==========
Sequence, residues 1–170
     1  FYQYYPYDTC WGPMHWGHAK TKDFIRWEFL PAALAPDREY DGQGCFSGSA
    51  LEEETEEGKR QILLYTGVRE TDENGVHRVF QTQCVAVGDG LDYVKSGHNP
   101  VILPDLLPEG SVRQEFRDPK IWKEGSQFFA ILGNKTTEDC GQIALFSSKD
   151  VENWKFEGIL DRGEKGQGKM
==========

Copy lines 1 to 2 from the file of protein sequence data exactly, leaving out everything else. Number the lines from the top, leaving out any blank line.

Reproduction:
Sequence, residues 1–170
     1  FYQYYPYDTC WGPMHWGHAK TKDFIRWEFL PAALAPDREY DGQGCFSGSA